Great pictures.
My Mom & sister live in Newcastle. not far from there.
I like to take one kid each Summer to visit, one on one time with Dad & Grandma.
We like to go to the Train museum in Old town.

Darren said...

The Railroad Museum is fun. My dad, who spent 40 years working for the railroad, had a great time when he and I went once. My son thought it was ok.

If you haven't been to the Gold Rush History Museum, just a couple buildings towards the river from the Railroad Museum, give that a try.

And have you taken the kids' pictures in front of Governor Schwarzenegger's office?

rightwingprof said...

We moved to Pennsylvania from Indiana. Both definitely have four seasons, but Indiana is in the tornado belt, and the warning sirens go off every ten days or so in the spring (in fact, about a week after we moved here, an old oak tree in the front yard of our house in Indiana was uprooted and crashed across the roof and went all the way through). Rain. As in thunderstorms.

Up here in the Alleghenies, it almost never rains -- we've been here for sixteen months, and we've had ONE thunderstorm. It drizzles sometimes, but storms never get across the mountains. You can stand in the yard and see the thunderheads over the mountain ridge and the lightning coming down on the other side of the mountains, but it never crosses.

Snow from the west likewise does not cross the mountains. The precipitation that does get here comes from the southwest, up through the valleys.

George said...

I enjoyed the splayed out skeleton on the front of the train . . . pretty funny.

carol said...

I have a special connection with Sacto since my uncle moved up there when I was very young so we periodically made the trek up 99 to visit. I have photos taken of me sitting on a cannon in Land Park when I was about 2.

Also I lived on X Street one winter. I kinda liked the rain, and thought the sound of cars going by on the wet Interstate was relaxing. I'm usually in very dry areas so it's nice to know ya got water...the fulness of nature and all that.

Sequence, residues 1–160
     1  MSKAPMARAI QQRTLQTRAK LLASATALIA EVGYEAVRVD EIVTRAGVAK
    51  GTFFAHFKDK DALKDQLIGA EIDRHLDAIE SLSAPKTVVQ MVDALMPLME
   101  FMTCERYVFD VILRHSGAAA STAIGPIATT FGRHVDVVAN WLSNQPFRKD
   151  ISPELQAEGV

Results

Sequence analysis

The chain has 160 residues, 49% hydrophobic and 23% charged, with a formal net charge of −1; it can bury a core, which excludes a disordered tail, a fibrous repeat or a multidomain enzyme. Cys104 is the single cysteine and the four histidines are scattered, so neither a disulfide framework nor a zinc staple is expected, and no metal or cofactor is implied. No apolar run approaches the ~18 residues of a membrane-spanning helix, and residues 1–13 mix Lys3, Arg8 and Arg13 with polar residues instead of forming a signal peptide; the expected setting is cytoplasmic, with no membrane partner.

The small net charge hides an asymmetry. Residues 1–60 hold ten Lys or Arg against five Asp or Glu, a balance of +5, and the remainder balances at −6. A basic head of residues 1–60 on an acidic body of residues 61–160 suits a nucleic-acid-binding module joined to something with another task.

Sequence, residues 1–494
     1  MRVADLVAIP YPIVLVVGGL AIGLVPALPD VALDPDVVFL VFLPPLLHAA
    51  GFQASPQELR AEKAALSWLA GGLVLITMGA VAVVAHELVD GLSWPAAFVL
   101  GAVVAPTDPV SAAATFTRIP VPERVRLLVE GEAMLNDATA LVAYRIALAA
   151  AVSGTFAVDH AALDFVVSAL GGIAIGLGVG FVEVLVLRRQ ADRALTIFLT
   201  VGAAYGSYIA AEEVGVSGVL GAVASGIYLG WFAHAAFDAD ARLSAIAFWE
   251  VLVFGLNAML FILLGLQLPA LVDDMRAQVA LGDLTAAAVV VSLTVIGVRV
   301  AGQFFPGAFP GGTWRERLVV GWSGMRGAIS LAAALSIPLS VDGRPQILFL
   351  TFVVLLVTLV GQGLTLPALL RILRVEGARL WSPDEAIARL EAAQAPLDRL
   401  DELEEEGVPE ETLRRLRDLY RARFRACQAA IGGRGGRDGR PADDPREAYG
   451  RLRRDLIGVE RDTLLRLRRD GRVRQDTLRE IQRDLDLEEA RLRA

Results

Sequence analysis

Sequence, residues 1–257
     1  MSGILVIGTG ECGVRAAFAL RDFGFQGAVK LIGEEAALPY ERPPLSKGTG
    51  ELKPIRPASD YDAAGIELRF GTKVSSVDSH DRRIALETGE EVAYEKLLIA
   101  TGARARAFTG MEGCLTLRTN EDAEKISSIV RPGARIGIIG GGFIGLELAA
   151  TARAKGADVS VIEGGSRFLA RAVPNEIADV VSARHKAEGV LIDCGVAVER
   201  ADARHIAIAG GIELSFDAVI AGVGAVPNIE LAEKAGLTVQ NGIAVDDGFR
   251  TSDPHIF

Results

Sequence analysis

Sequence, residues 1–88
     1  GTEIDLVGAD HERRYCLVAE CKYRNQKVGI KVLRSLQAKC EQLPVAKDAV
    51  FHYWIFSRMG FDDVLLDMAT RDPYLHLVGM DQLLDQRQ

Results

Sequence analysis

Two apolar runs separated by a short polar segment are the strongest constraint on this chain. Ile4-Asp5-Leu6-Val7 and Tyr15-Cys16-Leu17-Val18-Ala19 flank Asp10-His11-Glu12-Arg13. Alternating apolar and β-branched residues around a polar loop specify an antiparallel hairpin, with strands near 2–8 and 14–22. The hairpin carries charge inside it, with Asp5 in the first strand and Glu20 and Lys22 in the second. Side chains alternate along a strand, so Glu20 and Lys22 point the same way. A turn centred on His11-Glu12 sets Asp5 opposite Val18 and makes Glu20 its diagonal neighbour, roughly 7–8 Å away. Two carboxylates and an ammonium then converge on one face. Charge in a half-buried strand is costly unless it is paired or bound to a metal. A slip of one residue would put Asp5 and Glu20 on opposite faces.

rightwingprof said...

There are pics from here in Pennsylvania (not new ones, I'm afraid) here. There are also pics from all the snow last winter, but since it's only 39 degrees here, I don't much want to think about it.

Silenced said...

FLICKS ! Man, I haven't seen (or eaten) those in a very long time.....Thanks for the pictures. Are these to encourage those of us in CA. to vote yes on that bond proposition to fix the levies?

Have a good week.

Creatively Ironic said...

I grew up in Chico, CA. My description of the seasons: "Freezing in the Winter, Unbearably hot in the Summer, and blow-you-down windy in the Fall and Spring. A tube of Flicks used to be a lunch for me!

Darren said...

What's strange is that I didn't even remember the name of the candies. I only remembered the tube.

Walter E. Wallis said...

The idiot who changed the color of the Tower Bridge, [not, thank God, named after Tower Records] from silver to whatever you call it now, should be tossed off the bridge. The I street bridge is a tribute to the staying power of rust. Take care of my city, especially Frank Fat's.

Darren said...

It was silver? As long as I can remember, it was a tannish-gold. When it was repainted a few years ago, the only time in my life when I can remember such a thing happening, polling was done to choose the new color scheme. The original scheme won, but it was made a bit brighter.

And Frank Fat's is doing just fine. Right next to it in Old Town is California Fat's, and there's another Fat restaurant in the Thunder Valley Casino outside of Roseville. And another one *in* Roseville, I think. In other words, the Fat family is doing just fine :-0